Gulshan Grover has to be called one of the Bollywood legends of all time. Who else can carry off calling himself a ��bad man�۪ and still continue to win over fans worldwide? Grover was honoured this year by being invited to be a special guest at the London Indian Film Festival, something which he was very grateful and happy to do. BizAsia were given the opportunity to speak to the star about his passion for the Indian film industry, his commitment to supporting independent Indian films and his several upcoming releases which are turning the legendary villain into a hero.
What was it like being the guest of honour at the London Indian Film Festival this year?
It was very important because apart from celebrating Indian cinema, this festival is dedicated to the cutting edge niche Indian cinema which is not really the typical Bollywood cinema. We do need to showcase such films which may not get distribution for these films to be shown in the UK because commercial Bollywood films with their song and dance get distribution easily but cutting edge progressive cinema does not necessarily get it. It is important to have films like the London Indian Film Festival and I truly appreciate the effort these people are doing.
With Bollywood celebrating its centenary this year, do you think that progressive independent films are a way forward for the industry?
Yes, all elements of Indian cinema need to go the audiences, to the critics, to the people and like every cinema; we need to seduce more people to be the fans of Indian cinema and young people relate to such films. I am personally an advocate of every cinema and I support the hard core commercial Bollywood cinema with songs and dance, big movies but I go out of my way to support films which are doing something different and their dreams require some kind of support. In my own humble way I do that all the time.
If you look at most of the films that I have releasing ��� Bullet Raja (2013) is a big film with a massive budget with Saif Ali Khan and Sonakshi Sinha with me playing the main baddie, that film will get a wide release with Fox Studio but if you have a look at a film like Sooper Se Ooper (2013), it is a film made by Reliance Entertainment, it is a progressive film with a different kind of thrust on it. I play a co-lead like a hero in the film and it has a tiny budget, made by a young director and lucky for him, he had some sort of support from me so Reliance Entertainment supported it and distributed it. It is a film in which I play a character loosely based on MF Hussain, an artist and painter, someone who is really giving back to society through his art. These films would not get made or distributed if they don�۪t find some support. Another film of mine releasing is a small comedy film called Baat Bann Gayi so therefore it is important to support all kinds of films.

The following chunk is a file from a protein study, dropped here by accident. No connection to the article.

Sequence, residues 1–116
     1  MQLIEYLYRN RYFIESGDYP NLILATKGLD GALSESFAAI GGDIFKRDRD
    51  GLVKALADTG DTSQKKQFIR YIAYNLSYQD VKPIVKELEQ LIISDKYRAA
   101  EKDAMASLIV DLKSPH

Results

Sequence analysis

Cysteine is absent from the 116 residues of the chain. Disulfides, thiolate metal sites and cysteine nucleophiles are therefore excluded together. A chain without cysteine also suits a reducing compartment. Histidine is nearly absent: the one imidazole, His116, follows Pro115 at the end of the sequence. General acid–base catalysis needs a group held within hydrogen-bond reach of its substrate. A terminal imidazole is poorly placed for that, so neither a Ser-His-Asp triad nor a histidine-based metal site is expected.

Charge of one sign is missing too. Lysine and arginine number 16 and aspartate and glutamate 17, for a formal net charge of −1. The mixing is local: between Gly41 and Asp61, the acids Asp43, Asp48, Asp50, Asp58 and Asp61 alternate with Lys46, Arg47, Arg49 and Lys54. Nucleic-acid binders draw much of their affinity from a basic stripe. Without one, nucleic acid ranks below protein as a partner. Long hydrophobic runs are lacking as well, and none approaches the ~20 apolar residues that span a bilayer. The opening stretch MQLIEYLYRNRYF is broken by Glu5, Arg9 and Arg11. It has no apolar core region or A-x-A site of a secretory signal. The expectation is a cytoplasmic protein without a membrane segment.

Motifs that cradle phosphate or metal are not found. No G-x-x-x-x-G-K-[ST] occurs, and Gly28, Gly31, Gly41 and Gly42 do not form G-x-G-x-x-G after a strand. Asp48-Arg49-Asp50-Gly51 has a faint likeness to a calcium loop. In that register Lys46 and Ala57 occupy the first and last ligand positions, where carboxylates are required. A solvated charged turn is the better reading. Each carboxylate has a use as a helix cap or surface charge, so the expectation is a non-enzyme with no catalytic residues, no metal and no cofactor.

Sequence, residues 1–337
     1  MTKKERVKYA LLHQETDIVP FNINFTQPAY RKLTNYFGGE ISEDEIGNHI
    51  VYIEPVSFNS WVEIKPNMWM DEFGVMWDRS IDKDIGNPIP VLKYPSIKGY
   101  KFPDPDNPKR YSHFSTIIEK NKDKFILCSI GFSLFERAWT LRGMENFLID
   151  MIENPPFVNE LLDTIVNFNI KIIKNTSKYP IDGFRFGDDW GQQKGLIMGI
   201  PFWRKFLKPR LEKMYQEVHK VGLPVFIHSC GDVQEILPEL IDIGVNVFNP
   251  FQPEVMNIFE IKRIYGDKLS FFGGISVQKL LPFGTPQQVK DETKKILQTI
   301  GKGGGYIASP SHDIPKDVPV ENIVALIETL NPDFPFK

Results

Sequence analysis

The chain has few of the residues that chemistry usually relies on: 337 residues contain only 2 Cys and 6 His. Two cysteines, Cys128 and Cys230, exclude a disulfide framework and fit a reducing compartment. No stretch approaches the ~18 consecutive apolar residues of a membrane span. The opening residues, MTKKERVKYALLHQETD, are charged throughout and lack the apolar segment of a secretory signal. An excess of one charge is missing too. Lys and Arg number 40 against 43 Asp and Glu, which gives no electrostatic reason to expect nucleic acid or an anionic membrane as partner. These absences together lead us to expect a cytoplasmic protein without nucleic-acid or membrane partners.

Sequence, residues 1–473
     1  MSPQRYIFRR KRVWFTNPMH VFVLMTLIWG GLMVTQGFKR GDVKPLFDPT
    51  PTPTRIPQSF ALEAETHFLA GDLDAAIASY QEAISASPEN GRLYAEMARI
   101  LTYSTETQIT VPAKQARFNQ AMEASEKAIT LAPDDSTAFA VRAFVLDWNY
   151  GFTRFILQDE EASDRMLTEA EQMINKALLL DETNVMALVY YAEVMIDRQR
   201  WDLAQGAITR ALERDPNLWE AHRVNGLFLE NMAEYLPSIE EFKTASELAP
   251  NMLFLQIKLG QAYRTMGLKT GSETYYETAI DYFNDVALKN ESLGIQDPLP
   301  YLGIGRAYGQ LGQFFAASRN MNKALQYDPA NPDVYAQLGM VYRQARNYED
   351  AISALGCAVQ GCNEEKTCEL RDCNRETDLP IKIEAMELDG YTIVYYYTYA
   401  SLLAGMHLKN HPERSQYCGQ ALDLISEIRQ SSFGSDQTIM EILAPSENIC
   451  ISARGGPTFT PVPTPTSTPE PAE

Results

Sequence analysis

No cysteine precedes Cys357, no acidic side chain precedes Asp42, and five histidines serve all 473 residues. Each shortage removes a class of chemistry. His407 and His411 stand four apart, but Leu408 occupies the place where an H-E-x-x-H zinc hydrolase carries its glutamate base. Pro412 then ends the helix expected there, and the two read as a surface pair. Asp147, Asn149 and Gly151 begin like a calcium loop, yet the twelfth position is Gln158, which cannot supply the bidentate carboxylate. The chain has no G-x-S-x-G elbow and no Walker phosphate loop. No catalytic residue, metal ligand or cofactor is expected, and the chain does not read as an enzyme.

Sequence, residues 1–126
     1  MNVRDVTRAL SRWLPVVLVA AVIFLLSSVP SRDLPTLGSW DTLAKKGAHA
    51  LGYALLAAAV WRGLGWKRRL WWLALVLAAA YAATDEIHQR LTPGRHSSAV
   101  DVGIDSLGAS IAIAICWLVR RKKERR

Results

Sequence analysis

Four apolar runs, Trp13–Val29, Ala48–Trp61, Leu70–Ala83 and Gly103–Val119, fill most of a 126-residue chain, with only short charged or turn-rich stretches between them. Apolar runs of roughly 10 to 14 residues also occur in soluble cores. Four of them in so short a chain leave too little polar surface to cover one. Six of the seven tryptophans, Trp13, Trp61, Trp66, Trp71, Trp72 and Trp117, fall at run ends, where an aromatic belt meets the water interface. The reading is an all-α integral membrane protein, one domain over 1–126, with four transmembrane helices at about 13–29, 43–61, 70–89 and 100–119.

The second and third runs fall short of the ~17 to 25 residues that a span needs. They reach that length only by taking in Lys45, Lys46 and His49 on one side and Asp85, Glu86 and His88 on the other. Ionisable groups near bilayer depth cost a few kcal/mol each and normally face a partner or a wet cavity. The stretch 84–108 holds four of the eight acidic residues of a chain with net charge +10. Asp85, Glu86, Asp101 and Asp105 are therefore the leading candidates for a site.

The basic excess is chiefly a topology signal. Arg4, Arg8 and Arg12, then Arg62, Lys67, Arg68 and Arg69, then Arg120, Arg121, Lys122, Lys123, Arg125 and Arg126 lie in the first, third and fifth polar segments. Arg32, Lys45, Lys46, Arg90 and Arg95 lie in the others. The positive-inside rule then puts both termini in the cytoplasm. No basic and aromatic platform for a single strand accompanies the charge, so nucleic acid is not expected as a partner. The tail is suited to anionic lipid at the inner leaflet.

In ‘Baat Bann Gayi’, you are playing a double role, was this difficult for you to do?
This is the first time I am doing it and I am very happy and excited about it.
You are known in mainstream cinema as playing the bad guy. Do you have a particular role that was your favourite?
I find my work that I have done in the past to have rough edges. I have not disassociated myself from that and I am very grateful to people for having liked it but I am now going on to doing much better work. However, no I don�۪t have a favourite role.
What is the most challenging part about playing a villain in films?
It is far more challenging and difficult to play a villain than to play the hero because playing the hero is very easy in terms of acting but of course it does require you have to have the ability to dance and look pretty. Playing a villain is very challenging and very hard.
Would you want to play a hero in a future film?
I am playing a hero in the film Sooper Se Ooper, then I am also like a hero in Baat Bann Gayi but yes I am now at a very interesting part of a career where the film makers are experimenting with me and I am experimenting with me in doing that.
In terms of your future film projects coming up, is there a particular film you are keen on the UK audience seeing?
I am very keen for them to see all my films because each one is very different, each has a different thrust and a different subject matter. Bullet Raja and Sooper Se Ooper are for the people who want to see the baddie that they have been missing. In Bullet Raja, the villain gives a tough time to Saif Ali and everybody else in the movie and people who want to see me in a different role should see Sooper Se Ooper and Baat Bann Gayi.
What do you think about the future generation of Bollywood?
We are relying on the future generation. Personally, I have a lot of respect and faith in the young people and their ability. I feel that the younger generation has got a lot to contribute and they will. We are happy that people from around the globe are sharing the Bollywood family and a lot depends on that now.
BizAsia would like to thank Grover for speaking to us and we wish him all the best for his future releases this year. ‘Bullet Raja’ is releasing on 7th November 2013 and ‘Sooper Se Ooper’, ‘Baat Bann Gayi’ and ‘Yariaan’ are all due to release later on this year.